Leading up to Jesus’ crucifixion and resurrection, there were many participants in the grand drama of redemption. From Judas who betrayed our Lord to the priests who condemned Him, each person played a vital role in God’s sovereign plan.
One of the most striking scenes is found in John 12:1–8. The story begins just outside Jerusalem in Bethany, the place where Jesus raised Lazarus from the dead. Simon the leper, whom Jesus probably healed from leprosy, is hosting an evening meal for Jesus in his home. As is typical for an evening meal, guests are reclining on plush cushions to facilitate conversation. Courtesy dictates that servants would wash and often perfume the feet of those feasting because of this reclined posture. Chatter fills the room, and in walks Mary, the sister of Martha and Lazarus. She appears with an alabaster vial of very costly perfume of pure nard.
The perfume would have been kept in a small marble vial with a long neck and a stopper in the opening to release a few drops of the precious fragrance. With contents worth a year’s wages, this bottle was no doubt protected and locked away. “Pure nard” is an undiluted aromatic amber-colored essential oil derived from a flowering plant in the honeysuckle family that grows in the Himalayas. With the prized vial in her hand, Mary makes her way to Jesus, who is reclining at the table. She doesn’t sprinkle a few drops of perfume on His feet but does the unthinkable. She breaks open the bottle and pours its contents on His head and feet, anointing His feet and wiping them with her hair. John adds, “The house was filled with the fragrance of the perfume” (v. 3).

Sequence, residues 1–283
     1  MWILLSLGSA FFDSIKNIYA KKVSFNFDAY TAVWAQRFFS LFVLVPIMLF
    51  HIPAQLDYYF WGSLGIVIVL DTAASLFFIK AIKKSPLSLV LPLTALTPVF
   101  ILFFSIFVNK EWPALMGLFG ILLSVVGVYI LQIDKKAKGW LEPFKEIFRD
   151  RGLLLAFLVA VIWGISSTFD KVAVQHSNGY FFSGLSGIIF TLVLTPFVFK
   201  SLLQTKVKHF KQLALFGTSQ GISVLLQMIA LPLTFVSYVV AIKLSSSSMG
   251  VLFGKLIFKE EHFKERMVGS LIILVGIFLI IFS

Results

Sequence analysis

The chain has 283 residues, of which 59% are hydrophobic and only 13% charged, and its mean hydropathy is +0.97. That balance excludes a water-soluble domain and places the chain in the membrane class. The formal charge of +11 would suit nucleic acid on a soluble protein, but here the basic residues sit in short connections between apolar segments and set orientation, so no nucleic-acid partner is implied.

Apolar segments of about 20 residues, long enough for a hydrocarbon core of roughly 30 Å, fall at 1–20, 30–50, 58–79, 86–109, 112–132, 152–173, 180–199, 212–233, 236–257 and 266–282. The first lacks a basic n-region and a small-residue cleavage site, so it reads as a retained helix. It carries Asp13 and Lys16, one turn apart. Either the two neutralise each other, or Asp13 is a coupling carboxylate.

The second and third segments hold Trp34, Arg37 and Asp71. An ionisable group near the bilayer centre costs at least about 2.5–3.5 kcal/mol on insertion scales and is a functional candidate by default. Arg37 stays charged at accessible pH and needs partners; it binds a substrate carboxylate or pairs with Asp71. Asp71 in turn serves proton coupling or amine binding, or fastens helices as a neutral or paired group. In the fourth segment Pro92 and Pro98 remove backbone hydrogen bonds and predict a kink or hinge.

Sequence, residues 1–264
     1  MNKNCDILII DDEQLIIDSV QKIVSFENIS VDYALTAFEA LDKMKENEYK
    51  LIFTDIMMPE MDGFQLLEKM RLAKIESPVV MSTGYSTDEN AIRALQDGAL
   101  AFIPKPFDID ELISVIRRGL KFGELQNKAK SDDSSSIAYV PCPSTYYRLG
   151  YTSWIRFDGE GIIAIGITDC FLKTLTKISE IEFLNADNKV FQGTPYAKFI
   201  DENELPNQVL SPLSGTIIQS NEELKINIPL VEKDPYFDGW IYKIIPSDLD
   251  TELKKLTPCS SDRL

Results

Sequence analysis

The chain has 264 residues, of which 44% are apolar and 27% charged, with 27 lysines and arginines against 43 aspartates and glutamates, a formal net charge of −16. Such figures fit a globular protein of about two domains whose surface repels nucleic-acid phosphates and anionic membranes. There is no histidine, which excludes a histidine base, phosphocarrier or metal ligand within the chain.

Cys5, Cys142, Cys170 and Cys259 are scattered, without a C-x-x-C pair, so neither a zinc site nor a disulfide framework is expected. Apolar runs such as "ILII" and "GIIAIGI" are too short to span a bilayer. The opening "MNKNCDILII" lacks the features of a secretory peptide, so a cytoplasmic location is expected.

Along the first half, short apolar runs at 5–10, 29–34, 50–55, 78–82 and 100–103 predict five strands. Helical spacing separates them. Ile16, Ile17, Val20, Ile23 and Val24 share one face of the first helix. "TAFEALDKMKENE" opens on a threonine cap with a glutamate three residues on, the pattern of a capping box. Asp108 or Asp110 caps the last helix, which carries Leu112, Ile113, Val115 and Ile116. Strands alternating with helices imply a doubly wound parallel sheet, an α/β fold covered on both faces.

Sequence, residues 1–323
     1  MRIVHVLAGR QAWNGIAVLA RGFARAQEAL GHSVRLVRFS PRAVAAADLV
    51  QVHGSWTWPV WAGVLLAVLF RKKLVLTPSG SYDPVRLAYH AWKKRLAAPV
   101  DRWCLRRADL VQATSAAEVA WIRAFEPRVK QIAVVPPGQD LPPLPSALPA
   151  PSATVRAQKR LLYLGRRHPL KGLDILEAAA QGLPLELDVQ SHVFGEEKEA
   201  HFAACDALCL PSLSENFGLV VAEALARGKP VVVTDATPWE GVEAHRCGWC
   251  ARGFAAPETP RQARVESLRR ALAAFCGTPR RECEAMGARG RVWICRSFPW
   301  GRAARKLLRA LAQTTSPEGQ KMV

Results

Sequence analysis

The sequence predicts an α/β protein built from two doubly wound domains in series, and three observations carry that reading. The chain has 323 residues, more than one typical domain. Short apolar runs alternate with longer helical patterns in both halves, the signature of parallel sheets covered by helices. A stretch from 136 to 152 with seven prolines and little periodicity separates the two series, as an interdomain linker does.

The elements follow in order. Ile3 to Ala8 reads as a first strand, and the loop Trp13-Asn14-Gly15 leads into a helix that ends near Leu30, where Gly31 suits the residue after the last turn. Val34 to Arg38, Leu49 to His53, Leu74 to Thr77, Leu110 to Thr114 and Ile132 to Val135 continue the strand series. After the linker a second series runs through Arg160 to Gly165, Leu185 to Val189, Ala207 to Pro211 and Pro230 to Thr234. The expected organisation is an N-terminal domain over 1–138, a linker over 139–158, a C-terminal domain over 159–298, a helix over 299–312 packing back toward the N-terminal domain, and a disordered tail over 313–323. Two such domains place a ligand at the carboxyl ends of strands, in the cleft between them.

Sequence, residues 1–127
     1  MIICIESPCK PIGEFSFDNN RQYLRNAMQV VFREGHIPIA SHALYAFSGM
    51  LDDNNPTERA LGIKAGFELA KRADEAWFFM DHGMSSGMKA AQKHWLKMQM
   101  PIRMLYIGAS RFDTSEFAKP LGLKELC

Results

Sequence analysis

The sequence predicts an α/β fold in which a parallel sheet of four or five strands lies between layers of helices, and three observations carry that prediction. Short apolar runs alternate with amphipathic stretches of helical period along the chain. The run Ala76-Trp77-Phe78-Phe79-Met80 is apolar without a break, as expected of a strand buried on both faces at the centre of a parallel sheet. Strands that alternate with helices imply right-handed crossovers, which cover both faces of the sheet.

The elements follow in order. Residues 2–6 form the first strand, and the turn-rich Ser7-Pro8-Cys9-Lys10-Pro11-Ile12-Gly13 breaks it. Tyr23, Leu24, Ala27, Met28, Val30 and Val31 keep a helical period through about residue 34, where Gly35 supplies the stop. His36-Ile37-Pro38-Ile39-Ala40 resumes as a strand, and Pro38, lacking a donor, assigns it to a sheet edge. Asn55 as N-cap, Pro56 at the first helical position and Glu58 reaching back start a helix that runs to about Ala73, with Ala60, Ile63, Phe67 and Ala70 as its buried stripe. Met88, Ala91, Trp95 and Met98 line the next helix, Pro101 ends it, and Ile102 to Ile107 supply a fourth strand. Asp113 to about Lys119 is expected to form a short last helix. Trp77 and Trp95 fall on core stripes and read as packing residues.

Judas, who is also reclining at the table, becomes indignant and begins to remark that the perfume has been wasted and should have been sold and the proceeds given to the poor. With his mind already set on betraying Jesus, Judas’ heart is filled with greed (v. 6). Jesus rebukes those reprimanding Mary: “Leave her alone, so that she may keep it for the day of my burial. For the poor you always have with you, but you do not always have me” (vv. 7–8). It is right to give to the poor, but what is your ultimate priority?
Mary provides an example of ignoring the naysayers and being unrelenting in one’s worship of Jesus. Just a few days before His crucifixion, Jesus blesses her for this selfless act of worship in preparing Him for burial. Mary is powerless to stop His inevitable death and suffering, but she can offer Him all she has in an act of devotion that is remembered two thousand years later. Jesus says that when the gospel is preached throughout the world, Mary’s adoring worship of her King will be remembered.
Against the backdrop of the betrayer, the wicked priests, and the cruel soldiers is Mary, who has given Jesus her all in an act of worship that clearly points to His burial and resurrection. Jesus is the supreme object of all our worship. What do you have to give Him?